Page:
by Zia Ur Rehman
July 27, 2015
Kicking off its preparations for the upcoming local government elections scheduled in September this year, the Awami National Party has reorganised its set-up in Karachi’s West district, an area comprising many Pashtun-populated neighbourhoods.
On July 24, the ANP leadership dissolved the party’s organisational cabinet in the West district and formed a seven-member organising committee to revamp its set-up in the area. The body is headed by Usman Ghani and its other members include Murad Khan, Mian Syed Abdul Wahid, Alamzeb Alai, Alhaz Yousaf Khan, Anwar Ali and Sarfaraz Jadoon.
Hameedullah Khattak, the ANP Sindh information secretary, said the committee would run the party’s affairs in the district till a new cabinet was formed. “The party’s recent restructuring is in connection with our preparations for the local government polls,” said Khattak.
West district politics
The West district is one of the city’s six in total and has several Pashtun localities.
It mainly comprises areas of the former towns of SITE, Baldia and Keamari. After the recent delimitation, the West District Municipal Corporation has 46 union councils, according to the Election Commission of Pakistan.
The ANP has been operating actively in the district, and it had achieved parliamentary success in the area in the 2001 local bodies polls.
The ANP had won the nazim slots in two towns – SITE and Baldia – and emerged victorious in many union councils under the leadership of the then provincial president, Qamoos Gul Khattak.
In the 2001 local bodies polls, the Muttahida Qaumi Movement had boycotted the polls and by forging an alliance with the Pakistan People’s Party and the Pakistan Muslim League-Nawaz, ANP candidates Amir Nawab and Aurangzeb Buneri had defeated Jamaat-e-Islami-backed candidates in the two towns.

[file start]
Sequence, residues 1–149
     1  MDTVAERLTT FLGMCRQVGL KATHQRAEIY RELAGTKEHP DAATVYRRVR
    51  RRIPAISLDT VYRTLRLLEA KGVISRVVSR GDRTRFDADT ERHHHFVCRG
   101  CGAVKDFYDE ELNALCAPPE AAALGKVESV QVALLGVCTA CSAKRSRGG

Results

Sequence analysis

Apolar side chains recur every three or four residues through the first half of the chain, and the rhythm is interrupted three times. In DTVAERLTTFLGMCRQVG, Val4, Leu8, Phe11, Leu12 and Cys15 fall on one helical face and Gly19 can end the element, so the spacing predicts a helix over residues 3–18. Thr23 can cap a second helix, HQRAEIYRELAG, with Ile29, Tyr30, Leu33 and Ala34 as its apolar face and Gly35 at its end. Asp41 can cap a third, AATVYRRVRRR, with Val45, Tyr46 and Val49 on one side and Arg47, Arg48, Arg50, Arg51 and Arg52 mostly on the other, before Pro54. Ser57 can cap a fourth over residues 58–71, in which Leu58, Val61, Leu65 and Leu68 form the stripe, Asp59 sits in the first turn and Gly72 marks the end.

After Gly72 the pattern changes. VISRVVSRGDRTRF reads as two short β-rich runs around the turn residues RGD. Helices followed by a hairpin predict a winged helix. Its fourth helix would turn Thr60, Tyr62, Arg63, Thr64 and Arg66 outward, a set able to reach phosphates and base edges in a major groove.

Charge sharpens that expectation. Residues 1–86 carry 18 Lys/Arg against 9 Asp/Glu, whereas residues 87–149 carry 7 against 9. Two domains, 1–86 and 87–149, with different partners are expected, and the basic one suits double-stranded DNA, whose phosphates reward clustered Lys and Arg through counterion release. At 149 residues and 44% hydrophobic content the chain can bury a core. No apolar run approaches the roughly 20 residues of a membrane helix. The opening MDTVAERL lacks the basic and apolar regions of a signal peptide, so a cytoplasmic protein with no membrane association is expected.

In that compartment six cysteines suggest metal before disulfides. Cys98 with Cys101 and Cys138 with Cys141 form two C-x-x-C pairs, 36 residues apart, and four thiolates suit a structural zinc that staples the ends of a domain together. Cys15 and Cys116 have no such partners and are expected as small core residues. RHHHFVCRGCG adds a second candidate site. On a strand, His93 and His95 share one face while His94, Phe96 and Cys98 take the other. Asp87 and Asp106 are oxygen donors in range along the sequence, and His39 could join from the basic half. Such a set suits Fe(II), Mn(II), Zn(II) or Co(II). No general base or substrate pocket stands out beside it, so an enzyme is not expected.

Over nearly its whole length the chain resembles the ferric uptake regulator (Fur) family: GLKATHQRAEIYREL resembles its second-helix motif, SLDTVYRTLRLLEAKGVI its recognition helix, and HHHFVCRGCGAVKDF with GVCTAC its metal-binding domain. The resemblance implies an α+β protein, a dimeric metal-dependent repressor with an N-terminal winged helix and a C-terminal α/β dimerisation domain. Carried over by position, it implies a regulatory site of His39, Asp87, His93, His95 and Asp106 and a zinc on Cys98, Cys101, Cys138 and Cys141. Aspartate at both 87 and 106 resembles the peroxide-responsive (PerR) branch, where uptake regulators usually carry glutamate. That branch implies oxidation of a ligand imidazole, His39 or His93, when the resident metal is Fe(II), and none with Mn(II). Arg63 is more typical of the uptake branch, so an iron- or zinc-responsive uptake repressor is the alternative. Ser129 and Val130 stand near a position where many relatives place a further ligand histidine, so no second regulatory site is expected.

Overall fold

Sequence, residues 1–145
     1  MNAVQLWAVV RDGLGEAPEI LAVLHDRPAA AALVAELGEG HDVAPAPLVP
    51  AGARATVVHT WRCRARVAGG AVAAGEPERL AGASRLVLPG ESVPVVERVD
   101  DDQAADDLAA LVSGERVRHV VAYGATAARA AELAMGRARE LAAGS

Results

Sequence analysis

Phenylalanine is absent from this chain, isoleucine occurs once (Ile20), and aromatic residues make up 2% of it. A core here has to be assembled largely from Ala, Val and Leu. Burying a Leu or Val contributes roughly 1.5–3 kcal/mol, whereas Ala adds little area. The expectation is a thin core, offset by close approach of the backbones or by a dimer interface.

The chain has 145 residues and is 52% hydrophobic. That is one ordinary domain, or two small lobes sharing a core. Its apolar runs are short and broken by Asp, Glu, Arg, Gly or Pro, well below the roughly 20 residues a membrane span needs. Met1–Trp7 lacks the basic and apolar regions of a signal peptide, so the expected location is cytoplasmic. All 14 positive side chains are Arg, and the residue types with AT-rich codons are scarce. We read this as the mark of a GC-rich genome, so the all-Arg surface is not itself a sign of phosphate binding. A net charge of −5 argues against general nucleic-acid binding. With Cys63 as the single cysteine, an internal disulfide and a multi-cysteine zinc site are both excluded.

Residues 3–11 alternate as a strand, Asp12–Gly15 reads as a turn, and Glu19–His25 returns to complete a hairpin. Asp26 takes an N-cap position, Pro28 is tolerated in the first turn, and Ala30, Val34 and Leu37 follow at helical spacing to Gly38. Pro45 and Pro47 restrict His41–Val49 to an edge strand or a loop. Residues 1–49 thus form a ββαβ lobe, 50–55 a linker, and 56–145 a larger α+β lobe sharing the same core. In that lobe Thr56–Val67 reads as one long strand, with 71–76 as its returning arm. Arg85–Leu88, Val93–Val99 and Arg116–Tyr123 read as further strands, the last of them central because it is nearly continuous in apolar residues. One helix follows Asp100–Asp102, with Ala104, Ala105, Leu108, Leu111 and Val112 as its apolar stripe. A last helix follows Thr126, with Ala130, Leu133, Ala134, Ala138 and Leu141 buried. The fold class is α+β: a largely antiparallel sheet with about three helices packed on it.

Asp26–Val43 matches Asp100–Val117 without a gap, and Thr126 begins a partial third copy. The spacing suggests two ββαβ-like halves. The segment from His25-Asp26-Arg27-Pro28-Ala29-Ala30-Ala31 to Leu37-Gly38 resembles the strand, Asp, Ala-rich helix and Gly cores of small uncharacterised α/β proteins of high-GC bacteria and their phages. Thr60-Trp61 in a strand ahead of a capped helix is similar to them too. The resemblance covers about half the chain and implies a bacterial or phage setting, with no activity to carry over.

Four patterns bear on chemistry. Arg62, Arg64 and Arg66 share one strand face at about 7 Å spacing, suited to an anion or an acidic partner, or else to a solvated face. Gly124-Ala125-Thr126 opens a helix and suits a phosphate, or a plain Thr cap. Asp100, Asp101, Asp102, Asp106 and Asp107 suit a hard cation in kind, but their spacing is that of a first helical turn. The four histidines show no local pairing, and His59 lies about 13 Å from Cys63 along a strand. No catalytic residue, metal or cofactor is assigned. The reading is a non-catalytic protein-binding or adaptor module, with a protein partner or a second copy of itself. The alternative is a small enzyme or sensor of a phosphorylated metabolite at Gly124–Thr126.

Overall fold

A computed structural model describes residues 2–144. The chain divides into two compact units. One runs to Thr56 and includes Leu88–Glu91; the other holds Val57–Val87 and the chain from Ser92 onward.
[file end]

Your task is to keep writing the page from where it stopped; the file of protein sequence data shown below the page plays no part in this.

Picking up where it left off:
In Keamari town, independent candidate Humayoon Khan, who is now a PML-N MPA, was elected as the nazim.
In the 2002 general elections, the ANP was unable to fetch any seats from the West district as its Pashtun constituents largely voted for the Muttahida Majlis-e-Amal, an electoral alliance of six religious parties. Three Pashtun leaders of the alliance’s two key components – the Jamiat Ulema-e-Islam-Fazl and the JI – Maulana Omar Sadiq, Hafiz Naeem Shamozai and Hameedullah Advocate had won the seats of the Sindh Assembly in the West district.
In the 2005 local bodies polls, the MQM largely won in the towns of SITE and Baldia, defeating the ANP candidates who were backed by the JI, the PPP and the PML-N. However, at the union council level, the JI had secured most slots in the Pashtun-populated areas of SITE town. The PPP had achieved success in Keamari town.
In the 2008 general elections, the ANP had grabbed an MPA seat, after forging an alliance with the PPP. Analysts believe that the ANP mustered the support of Pashtun transporters and influential Pashtun political figures under the banner of the Pashtun Action Committee formed after the May 12, 2007 violence in Karachi. After forming its government in the Centre, the PPP had taken the ANP on board in Sindh government and handed over the provincial labour department to the party.